I think all bloggers, artists, writers and creators of any kind know what I’m talking about. And I’m lying at the very bottom of that nasty slump.
It’s something that happens for creatives when they stop creating. That voice in the back of their mind tells them that they just can’t do it anymore, that they were never very good at it anyway. We fall into this irritable depression that slaps a lot of gray over the world around you.
You know what the cure is. You know what could make everything better, even a little.
But you just can’t bring yourself to do it.
You can’t bring yourself to create.
My excuse is that I don’t have enough time. It’s an hour to work and an hour back and after driving on top of my shift, I’m beat. I don’t want to do what my mind is telling me is more work. I let myself get away with it by telling myself I’m not good enough anyway. It isn’t going to be the best seller that I want it to be.
I’m letting it affect other areas of my life, too.
And it has to end. In someways, writing this post is the first step back. I’m making something. I’m stringing together words in a way that no one else would. I can tell myself I’m not that awful at writing. I can tell myself that every first draft is shit.
The next step for me, I think, is painting. I truly, deeply love watercolor painting. I always wanted to be able to paint as a teen and if I’d discovered it then I might have gone to art school like I wanted. So, perhaps when this next paycheck rolls through I’ll go nuts at the craft store. I’ll pick up all the things I’ve seen the artists use in their tutorials.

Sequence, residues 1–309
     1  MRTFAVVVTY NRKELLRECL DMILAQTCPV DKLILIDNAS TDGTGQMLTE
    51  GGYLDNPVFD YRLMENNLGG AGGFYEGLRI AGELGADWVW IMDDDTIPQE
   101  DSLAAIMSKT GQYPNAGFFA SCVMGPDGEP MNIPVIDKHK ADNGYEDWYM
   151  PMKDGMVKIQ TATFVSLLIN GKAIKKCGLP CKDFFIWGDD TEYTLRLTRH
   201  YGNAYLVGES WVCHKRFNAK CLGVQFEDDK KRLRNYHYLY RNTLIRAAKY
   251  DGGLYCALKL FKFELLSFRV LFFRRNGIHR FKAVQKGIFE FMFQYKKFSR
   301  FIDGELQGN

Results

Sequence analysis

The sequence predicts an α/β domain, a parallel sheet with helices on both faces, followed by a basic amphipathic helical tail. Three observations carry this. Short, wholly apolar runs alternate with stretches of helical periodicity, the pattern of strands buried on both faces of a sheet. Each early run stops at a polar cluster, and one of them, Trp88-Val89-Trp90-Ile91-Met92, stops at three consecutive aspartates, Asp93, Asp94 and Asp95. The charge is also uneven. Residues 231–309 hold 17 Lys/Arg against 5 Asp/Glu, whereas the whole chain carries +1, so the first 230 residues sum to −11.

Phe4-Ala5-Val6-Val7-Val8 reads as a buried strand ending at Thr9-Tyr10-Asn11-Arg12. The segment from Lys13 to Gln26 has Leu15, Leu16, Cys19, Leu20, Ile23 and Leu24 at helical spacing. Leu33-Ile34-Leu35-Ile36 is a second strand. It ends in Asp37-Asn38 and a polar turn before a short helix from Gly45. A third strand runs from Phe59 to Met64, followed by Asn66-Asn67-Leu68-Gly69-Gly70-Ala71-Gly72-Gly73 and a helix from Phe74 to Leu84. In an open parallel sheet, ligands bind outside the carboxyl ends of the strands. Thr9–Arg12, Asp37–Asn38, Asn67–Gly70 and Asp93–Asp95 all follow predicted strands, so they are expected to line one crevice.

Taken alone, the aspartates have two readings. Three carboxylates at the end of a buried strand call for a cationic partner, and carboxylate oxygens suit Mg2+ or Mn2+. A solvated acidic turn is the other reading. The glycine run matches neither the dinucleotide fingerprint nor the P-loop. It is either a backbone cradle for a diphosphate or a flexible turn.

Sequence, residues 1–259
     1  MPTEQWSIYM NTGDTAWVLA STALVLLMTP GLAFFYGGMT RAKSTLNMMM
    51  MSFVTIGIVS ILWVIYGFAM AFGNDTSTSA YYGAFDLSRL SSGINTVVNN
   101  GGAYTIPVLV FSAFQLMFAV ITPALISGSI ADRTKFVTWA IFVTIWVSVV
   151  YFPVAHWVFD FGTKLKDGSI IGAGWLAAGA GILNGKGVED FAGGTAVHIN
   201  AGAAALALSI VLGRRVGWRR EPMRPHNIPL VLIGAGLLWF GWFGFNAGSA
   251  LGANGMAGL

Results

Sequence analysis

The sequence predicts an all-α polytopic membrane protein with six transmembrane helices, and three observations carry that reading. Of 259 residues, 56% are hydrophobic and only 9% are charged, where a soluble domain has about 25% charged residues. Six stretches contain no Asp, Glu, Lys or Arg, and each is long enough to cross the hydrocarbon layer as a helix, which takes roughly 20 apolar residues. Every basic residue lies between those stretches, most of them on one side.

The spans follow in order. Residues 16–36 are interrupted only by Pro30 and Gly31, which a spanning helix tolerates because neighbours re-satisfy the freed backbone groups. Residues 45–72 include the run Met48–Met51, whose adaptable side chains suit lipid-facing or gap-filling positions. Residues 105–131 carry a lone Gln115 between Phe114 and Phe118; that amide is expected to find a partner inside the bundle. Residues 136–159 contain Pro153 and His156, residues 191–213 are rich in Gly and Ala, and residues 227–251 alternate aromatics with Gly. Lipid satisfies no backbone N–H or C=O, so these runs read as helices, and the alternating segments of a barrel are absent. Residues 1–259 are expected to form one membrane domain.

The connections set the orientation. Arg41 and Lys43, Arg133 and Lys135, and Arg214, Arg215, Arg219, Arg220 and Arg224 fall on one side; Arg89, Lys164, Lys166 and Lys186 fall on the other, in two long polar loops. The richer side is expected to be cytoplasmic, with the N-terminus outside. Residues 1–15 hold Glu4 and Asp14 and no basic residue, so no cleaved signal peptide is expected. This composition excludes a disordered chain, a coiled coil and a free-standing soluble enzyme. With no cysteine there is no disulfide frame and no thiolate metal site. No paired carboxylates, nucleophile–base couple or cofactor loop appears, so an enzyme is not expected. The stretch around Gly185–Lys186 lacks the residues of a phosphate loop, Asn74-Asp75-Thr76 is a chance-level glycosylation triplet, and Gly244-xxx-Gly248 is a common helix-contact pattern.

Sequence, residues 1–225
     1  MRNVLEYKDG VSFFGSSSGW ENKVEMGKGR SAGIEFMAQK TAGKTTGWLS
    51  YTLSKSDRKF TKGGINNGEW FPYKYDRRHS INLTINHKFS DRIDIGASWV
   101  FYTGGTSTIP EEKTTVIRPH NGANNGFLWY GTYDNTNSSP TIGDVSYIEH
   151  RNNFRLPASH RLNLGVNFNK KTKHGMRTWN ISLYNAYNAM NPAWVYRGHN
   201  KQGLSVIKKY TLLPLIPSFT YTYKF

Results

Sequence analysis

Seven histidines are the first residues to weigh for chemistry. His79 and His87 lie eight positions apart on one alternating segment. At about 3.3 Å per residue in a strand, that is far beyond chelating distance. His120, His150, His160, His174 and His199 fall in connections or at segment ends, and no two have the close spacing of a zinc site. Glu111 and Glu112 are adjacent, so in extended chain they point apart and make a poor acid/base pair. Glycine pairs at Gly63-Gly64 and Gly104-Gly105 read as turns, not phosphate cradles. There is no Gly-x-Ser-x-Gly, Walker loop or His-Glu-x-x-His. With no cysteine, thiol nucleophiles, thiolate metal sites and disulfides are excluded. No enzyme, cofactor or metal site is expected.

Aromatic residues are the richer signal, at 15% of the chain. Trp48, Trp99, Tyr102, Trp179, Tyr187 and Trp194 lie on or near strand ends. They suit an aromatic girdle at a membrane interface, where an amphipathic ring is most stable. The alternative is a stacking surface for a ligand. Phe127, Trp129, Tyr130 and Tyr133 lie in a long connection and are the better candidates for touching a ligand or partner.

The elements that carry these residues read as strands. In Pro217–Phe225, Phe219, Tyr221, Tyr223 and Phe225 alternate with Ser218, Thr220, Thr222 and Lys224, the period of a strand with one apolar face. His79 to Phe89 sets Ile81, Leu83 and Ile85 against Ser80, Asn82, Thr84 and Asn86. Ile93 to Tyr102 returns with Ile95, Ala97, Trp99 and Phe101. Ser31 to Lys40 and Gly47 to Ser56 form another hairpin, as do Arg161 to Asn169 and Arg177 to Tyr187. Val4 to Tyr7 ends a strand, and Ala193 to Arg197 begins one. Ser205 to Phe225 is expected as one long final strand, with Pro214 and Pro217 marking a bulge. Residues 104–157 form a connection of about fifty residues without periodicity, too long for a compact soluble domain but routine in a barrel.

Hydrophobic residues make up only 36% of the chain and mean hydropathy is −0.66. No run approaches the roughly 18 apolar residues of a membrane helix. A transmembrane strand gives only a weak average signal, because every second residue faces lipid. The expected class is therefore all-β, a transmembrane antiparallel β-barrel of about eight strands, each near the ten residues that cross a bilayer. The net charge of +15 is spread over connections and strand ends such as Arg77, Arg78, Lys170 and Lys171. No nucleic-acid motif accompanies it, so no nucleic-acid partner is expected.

And use them.
Just for the fun of it.
Eventually I need to get back on track with the book rolling around my head. I’m almost thinking that meditating on the setting and characters might bring each of them more fully to life for me so that writing them flows so much easier. Also, finding the right playlist helps bring emotions to the tips of my fingers while writing.
Moral of the story is when that creative slump hits you and tells you that you’re worthless or that you can’t do what you want, flip it the bird. Then, don’t do your art for profit (or dreams of making it big).
Do it for fun. Do it for you.
Then the beauty of it will come back, bit by bit. I know that any kind of creation can be tasking, but we all know that it’s worth it. That our souls we meant for it.